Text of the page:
Visiting Quito’s Historic Center is always an adventure! Yet Sundays stand out as my absolute favorite day to wander the cobblestone streets. Many of the them are closed to traffic, turning many popular areas into pedestrian zones. It makes for a more pleasant day as there are fewer street crossings to worry about and far less bus exhaust to breathe in.
Meanwhile, vendors line the sidewalks with folk art from Tigua, handwoven bracelets, and coca tea from Peru. Several artists paint scenes of the Ecuadorian countryside with cans of spray paint. Another paints with his fingers only, creating miniature works of fine art that belie his crude technique.
Some vendors appear year round, like the women selling finely woven shawls of cotton thread. Others are season, like the Dragon’s Blood Vendor or the gentleman selling freshly squeezed cane juice with a dash of lime.
Tourists of All Kinds Show Up On Sundays
During the week, most people on the streets live and work in Historic Quito. Foreign tourists stick out like sore thumbs. While we still stick out on Sundays, we’re not alone. Visitors from all over Ecuador flock to Quito on the weekends. Others are folks who live outside the big city and come into town to shop for bargains at the huge Mercado San Roque just up the hill. Even more are residents of Quito’s Historic Center taking the opportunity to people-watch in their own neighborhood.
Some visitors are here to attend services in one of the many churches and others to soak up the ambience of a pleasant Sunday afternoon. If it’s raining, there won’t be near as many people. Others take advantage of the Quito bike route that transverses the city from north to south. The city closes roads just for that occasion and only on Sundays.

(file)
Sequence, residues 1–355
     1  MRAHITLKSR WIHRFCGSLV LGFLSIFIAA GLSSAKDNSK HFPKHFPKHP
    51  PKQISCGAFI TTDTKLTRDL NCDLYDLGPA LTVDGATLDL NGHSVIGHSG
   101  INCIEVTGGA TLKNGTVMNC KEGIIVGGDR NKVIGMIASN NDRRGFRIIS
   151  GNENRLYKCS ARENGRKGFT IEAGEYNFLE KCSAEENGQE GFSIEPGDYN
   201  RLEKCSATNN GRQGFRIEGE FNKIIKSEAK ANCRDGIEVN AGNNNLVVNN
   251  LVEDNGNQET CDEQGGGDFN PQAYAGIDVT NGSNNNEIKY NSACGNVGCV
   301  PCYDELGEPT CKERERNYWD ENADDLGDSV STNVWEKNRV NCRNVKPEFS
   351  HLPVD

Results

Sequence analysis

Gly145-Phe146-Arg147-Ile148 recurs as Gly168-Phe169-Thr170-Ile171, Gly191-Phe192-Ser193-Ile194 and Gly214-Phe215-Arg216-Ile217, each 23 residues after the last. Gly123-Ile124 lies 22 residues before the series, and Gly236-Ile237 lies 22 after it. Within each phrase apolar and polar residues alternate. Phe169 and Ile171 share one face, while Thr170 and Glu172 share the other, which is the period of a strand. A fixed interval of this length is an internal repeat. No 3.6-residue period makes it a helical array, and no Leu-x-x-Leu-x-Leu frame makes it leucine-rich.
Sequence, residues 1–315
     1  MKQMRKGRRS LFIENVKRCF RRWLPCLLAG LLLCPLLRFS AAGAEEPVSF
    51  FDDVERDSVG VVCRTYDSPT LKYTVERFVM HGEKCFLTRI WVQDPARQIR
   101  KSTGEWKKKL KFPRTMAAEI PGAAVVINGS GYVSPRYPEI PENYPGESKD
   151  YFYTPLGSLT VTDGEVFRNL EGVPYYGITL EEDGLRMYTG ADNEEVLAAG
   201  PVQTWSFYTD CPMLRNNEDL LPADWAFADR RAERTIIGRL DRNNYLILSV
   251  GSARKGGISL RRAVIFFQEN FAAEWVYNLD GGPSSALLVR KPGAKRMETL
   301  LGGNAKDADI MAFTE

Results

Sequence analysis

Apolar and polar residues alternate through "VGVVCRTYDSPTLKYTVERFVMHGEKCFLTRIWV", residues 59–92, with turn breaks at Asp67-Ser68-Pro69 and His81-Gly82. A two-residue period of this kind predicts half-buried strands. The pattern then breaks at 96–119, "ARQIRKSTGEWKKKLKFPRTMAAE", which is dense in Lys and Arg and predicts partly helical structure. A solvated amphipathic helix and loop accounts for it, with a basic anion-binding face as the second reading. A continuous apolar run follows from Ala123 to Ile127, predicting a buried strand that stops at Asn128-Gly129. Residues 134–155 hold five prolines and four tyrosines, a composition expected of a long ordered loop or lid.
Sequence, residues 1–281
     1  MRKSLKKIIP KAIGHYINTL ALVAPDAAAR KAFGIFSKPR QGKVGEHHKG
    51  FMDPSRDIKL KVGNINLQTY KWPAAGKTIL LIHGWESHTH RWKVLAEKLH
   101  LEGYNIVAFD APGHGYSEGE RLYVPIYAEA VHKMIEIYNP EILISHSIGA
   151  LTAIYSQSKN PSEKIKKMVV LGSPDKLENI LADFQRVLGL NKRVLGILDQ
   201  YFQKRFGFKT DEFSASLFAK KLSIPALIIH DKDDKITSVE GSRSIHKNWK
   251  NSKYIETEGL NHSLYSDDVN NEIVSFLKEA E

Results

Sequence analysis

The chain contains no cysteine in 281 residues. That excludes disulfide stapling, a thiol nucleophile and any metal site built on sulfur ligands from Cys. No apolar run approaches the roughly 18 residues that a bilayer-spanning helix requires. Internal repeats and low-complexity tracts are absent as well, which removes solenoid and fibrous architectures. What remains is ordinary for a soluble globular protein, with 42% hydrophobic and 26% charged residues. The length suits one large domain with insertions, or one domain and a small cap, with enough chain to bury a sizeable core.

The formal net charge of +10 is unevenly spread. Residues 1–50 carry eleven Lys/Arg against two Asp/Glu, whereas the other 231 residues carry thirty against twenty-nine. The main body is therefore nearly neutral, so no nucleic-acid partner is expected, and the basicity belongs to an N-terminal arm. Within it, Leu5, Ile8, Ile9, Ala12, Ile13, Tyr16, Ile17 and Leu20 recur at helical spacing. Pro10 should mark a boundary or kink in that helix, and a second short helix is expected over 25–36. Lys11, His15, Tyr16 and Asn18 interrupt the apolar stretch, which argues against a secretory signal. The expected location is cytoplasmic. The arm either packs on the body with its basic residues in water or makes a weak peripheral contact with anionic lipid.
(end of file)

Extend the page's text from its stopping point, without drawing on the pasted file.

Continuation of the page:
What Not To Miss On a Sunday Afternoon
We find Sundays are the perfect day to wander. If you are fortunate enough to have a couple of free hours on your agenda, head to the Plaza San Francisco, buy an helado from the Hueca de Cantuña, and sit on the nearby steps to people watch. Look for the small shops that sell pristiño with panela or morocho con chicharron near San Marcos. It it’s late in the day, it’s fun to watch children play with their high flying, spinning, toys that light up in the evening gloom in the Plaza de la Independencia.
Beautiful shots! I’m not sure if I missed this, but what type of camera do you use? I’m in the market! 🙂
A Nikon 7000. I’ve been very happy with it. My main lens is a Nikon 18-105mm. All the photos on this page were taken with it. For birds, I use a Tamron 70-300mm. And I just invested in a 10mm Sigma lens that hasn’t arrived. I can’t wait to try it out. If you decide to go Nikon, I recommend following this Facebook page: https://www.facebook.com/groups/NDCPE/
I’ve always been a Canon girl, but I have taken a look at the Nikons… I was a member of a photography club (local), most of whom used Canons. BUT, I am not nearly as “in love” with Canons as they were – I wish I could rent a camera to try it before I buy it! 🙂
…. that’s a good business idea!
You can rent cameras – not sure where you live but call your local independent camera shop and ask about renting with the idea of purchasing. If you end up buying from them, they may even discount you the price of the rental.
And I was a Canon girl all the way… then my husband started using a Nikon for work. He bought me the camera I’m using now and I don’t think I’ll look back. Especially now that we’ve invested in lenses 🙂
That’s really good to hear. I don’t think there’s a camera shop in my area that does that. I’d probably end up having to go to Dallas… but I think it would be worth it. I’ll have to call around and see.
Lately I’ve found myself playing with the camera on my phone. It started as a convenience thing, but I’ve had some pretty interesting shots come from it!
They are such a beautiful people. Thank you for sharing these pictures~
My pleasure -I’m luck to live where there are such great subjects to photograph. Ecuadorians are very gracious people and they have such infectious smiles.